Milwaukee Journal Sentinel (US), January 2, 2007
By Bob Purvis
If you wanted to buy condoms 30 years ago, you had to bear the embarrassment of asking a pharmacist to fetch them from beneath the counter.
Now with thieves wiping out the entire stock of prophylactics in some stores, more retailers are putting them back out of reach - and, in some cases, are even locking them up.
Many convenience stores in Milwaukee have again placed condoms behind the counter to keep shoplifters from pocketing them, and some major pharmacy chains have placed them in locked glass cases along with other frequently stolen goods such as costly replacement razor blades.
The difference, some advocates say, is that making it more inconvenient to buy razor blades is not a matter of public health.
"We are certainly concerned about the availability of condoms in stores," said Eric Ostermann, executive director of the Wisconsin Public Health Association.
By preventing the exchange of body fluids during sexual intercourse, condoms significantly reduce the risk of sexually transmitted diseases and pregnancy.
"We'd hope they would not present any obstacles to getting their product in the community," Ostermann said.
Brad Clifford, a 27-year-old Milwaukee man, said he was surprised to find condoms locked behind a glass door in the pharmacy at the Jewel-Osco at 1100 E. Garfield Ave.
After finally finding a store employee with a key to the case, the employee watched over Clifford's shoulder as he nervously made his selection.
"There are a lot of them, and I am trying to figure out what to get and he's just standing there," Clifford said. "I just decided to get the family pack so I wouldn't have to go through that again."
The major concern is that unlike Clifford, many would-be condom users will skip the hassle and embarrassment and risk having unprotected sex, said Joanne Kennedy Coffman, director of patient services for Planned Parenthood of Wisconsin.
"I have a problem with them keeping condoms locked up because it's creating a barrier," Coffman said. "Instead of being humiliated or embarrassed, I am just thinking they will have sex without them."
Coffman said the benefit of condoms to public health should trump a store's interest in maintaining profit margins.
"It's a very sensitive subject buying condoms. . . . Asking for razor blades or Nicorette is one thing, but admitting that you're having sex is another," Coffman said.
Back to the future
In many ways, seeing condoms locked up or placed behind the counter is a return to the days before the sexual revolution of the late 1960s.
Before a 1965 U.S. Supreme Court decision in Griswold vs. Connecticut, birth control was illegal in some states. The decision found the law unconstitutional, but it extended the legal access only to married couples.
Not until 1972, when the U.S. Supreme Court ruled on a Massachusetts case, did it become legal for unmarried people to buy condoms. Wisconsin updated its state statutes in 1976 to comply with that Supreme Court ruling but retained a ban on commercial display or advertising of birth control devices. Only a 1977 Supreme Court ruling finally declared those provisions unconstitutional.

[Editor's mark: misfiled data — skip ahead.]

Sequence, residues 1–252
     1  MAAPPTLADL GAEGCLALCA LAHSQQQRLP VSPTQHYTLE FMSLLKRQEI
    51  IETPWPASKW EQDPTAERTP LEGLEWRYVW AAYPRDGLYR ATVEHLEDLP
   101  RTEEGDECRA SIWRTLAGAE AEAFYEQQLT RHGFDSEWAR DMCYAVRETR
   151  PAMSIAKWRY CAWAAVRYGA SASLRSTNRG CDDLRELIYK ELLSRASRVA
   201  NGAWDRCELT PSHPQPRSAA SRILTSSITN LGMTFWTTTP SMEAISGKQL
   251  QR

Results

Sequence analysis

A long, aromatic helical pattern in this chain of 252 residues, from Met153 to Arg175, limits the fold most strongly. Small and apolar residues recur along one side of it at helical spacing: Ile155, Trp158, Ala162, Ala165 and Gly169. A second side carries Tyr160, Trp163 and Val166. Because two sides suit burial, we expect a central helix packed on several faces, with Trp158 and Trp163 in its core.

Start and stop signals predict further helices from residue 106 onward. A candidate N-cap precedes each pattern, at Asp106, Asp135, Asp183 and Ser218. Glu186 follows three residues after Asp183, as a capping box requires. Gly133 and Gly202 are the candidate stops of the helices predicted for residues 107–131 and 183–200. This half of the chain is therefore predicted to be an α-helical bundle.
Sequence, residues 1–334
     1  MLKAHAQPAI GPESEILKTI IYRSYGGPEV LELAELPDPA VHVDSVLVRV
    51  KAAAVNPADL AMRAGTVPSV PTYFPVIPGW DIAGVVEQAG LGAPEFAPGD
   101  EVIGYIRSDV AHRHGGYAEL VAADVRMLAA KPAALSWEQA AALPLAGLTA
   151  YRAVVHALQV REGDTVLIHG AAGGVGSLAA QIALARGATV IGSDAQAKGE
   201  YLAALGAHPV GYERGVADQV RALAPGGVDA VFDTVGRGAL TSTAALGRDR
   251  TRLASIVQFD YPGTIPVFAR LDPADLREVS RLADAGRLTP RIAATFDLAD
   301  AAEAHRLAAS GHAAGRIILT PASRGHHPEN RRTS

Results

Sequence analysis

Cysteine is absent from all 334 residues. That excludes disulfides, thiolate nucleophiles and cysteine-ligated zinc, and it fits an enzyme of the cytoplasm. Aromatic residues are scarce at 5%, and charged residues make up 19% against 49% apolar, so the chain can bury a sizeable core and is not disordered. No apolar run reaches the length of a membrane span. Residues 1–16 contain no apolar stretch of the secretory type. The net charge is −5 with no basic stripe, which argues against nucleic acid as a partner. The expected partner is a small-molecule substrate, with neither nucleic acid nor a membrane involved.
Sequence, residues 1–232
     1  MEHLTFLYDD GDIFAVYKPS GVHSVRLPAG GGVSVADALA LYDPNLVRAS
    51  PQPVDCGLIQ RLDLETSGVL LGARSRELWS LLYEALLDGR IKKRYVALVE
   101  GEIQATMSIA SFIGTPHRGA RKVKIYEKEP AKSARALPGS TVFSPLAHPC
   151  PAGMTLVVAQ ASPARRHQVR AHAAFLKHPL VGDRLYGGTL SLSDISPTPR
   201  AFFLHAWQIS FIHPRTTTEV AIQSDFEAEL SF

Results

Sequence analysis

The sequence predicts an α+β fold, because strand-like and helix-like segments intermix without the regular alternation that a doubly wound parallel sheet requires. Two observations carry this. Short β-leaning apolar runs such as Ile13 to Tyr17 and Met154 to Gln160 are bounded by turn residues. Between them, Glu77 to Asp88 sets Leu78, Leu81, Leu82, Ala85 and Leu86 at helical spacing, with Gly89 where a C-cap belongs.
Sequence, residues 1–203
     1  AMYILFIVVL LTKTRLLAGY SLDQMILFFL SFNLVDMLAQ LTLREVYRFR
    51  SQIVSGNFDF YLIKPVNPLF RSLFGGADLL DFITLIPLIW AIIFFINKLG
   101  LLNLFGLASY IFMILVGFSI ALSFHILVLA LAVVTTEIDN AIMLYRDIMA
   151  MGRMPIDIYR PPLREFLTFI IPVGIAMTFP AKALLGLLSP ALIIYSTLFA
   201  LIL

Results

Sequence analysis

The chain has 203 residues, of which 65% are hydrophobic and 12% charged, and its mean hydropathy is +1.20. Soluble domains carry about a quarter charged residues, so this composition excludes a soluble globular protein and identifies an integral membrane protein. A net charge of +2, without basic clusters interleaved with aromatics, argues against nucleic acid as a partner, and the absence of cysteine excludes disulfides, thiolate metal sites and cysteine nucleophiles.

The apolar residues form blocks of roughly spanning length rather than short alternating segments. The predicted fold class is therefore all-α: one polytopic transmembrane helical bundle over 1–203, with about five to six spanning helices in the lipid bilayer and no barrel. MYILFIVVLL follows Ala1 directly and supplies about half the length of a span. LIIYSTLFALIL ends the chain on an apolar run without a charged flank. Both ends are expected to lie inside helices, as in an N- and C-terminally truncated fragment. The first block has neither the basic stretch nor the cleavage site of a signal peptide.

In the '80s, with the emergence of HIV, the virus that causes AIDS, condom use and promotion by public health agencies soared.
So why put them back behind the counter?
Jewel-Osco representatives did not return calls or e-mails about their decision to lock up the condoms, but other retailers said that thieves who repeatedly cleaned out a store's entire condom inventory forced some precautions.
"The Osco stores we acquired, many of them lock a lot of their merchandise - including condoms," said Mike DeAngelis, a spokesman for CVS, the nation's largest pharmacy operator that acquired 13 free-standing Osco drugstores in metro Milwaukee in early 2006.
DeAngelis said the CVS stores will be remodeled starting at the end of this month and that they'll find other ways to deter condom theft
"Our policy is not to lock up the condoms," DeAngelis said. "Our loss-prevention measures are designed to protect product but still keep maximum access for customers."
DeAngelis said that in stores where the thefts persist, special racks will be installed that limit the number of condoms that can be taken at a time and that make a loud clicking sound as condoms are dispensed.
"It's a constantly evolving process in creating these fixtures and solutions that prevent inventory loss while keeping products accessible to customers," DeAngelis said.
Eyes on the prizes
Other stores, such as Walgreens, mostly keep condoms in a highly visible area in the store where thieves would be more concerned about employees catching them in the act of stealing. Several Walgreens that had placed condoms behind their counters have since been instructed to return them to the sales floor, said Carol Hively, corporate spokeswoman for the pharmacy chain, based in Deerfield, Ill.
"It's our policy not to lock up condoms," Hively said. "Shrink can vary from store to store, but in general it is in the interest of public good and safety to keep the condoms unlocked."
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